The American Academy of Child & Adolescent Psychiatry estimates that there are 80K reported instances of child sexual abuse each year, but this is far below the actual number. The reasons these crimes against children are not reported may be because the child fears the perpetrator, they have been warned that their siblings or parents will be harmed, the child is ashamed and is told they are to blame for the abuse, they fear retaliation by their parents or loss of love and they are told no one will believe them.

Of course, there are too many instances of persons in the ministry who sexually abuse children and they, for years, were protected by their orders and no reports were made to the police. The trauma that ensues can result in many types of behavioral changes as well as depression and suicide. How should a person respond to any report of child sexual abuse? The Academy offers guidelines on their website.

Of one thing we can be sure, children are vulnerable. Trust is a wonderful thing, but children need to be helped to understand that not every adult is to be obeyed or to be trusted. That is not to say that children should be so frightened and intimidated that they respond with fear to everyone. It is not an easy task, but parents, guardians and persons in positions of authority need to help train children to be aware that they have rights and there are actions to be taken when someone does something that makes them uncomfortable.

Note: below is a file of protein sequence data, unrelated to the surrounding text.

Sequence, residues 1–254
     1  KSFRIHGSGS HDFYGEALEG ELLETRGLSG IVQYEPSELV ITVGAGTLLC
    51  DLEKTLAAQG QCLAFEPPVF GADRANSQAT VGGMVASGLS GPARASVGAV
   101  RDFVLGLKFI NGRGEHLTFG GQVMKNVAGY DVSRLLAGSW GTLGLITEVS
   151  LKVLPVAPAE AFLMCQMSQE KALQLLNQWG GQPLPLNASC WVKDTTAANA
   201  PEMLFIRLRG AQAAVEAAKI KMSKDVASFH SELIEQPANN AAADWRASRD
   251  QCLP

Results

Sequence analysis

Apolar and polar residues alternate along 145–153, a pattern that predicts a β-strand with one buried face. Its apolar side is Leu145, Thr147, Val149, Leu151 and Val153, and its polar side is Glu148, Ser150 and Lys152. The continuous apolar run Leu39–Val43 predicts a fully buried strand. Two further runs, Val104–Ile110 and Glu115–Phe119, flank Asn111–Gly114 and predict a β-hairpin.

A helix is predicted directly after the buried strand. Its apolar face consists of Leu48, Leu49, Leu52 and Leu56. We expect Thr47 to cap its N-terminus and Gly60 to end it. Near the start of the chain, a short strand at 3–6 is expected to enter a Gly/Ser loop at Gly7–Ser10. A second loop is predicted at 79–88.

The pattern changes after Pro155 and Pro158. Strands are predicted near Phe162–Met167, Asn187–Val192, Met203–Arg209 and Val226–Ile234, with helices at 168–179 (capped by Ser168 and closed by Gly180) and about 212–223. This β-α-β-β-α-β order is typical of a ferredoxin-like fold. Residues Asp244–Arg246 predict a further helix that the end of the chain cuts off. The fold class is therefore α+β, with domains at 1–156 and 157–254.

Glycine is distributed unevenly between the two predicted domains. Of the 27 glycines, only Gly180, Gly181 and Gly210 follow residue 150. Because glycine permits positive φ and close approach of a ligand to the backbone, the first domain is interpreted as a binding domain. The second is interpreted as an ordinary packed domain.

When I was involved with one national organization, we talked to parents about "Good Touch, Bad Touch" and the need for a secret word to be used in emergency situations. The word was used whenever a stranger said a parent wanted them to go with them. "What's the secret word?" the child would ask. Then the child would immediately leave to seek safety in a neighbor's home, a store or a school.

Another was to train children to counter the popular ploy of a stranger asking a child to help them find their puppy. Kids don't immediately think about the peculiarity of an adult asking a child for help in finding a lost dog. Their response must not be a knee-jerk one of agreeing to help and it takes training to ingrain this skill in the children's repertoire of responses. Just as you teach a child to read or to know their numbers, you need to teach them to act in situation of doubt.

Today, an ex-archbishop was arrested by the Vatican for sex crimes against children and a science teacher in a New York City school was also arrested. Tomorrow it could be a police officer, a physician or a trusted neighbor, friend, coach, tutor or even a relative. Predators are everywhere and they don't have easily distinguished signs that you can detect.

The moral is to let children know that they need to learn certain basic rules or actions for self-protection and for you to practice with them. Answer their questions with age-appropriate responses and always offer support and understanding.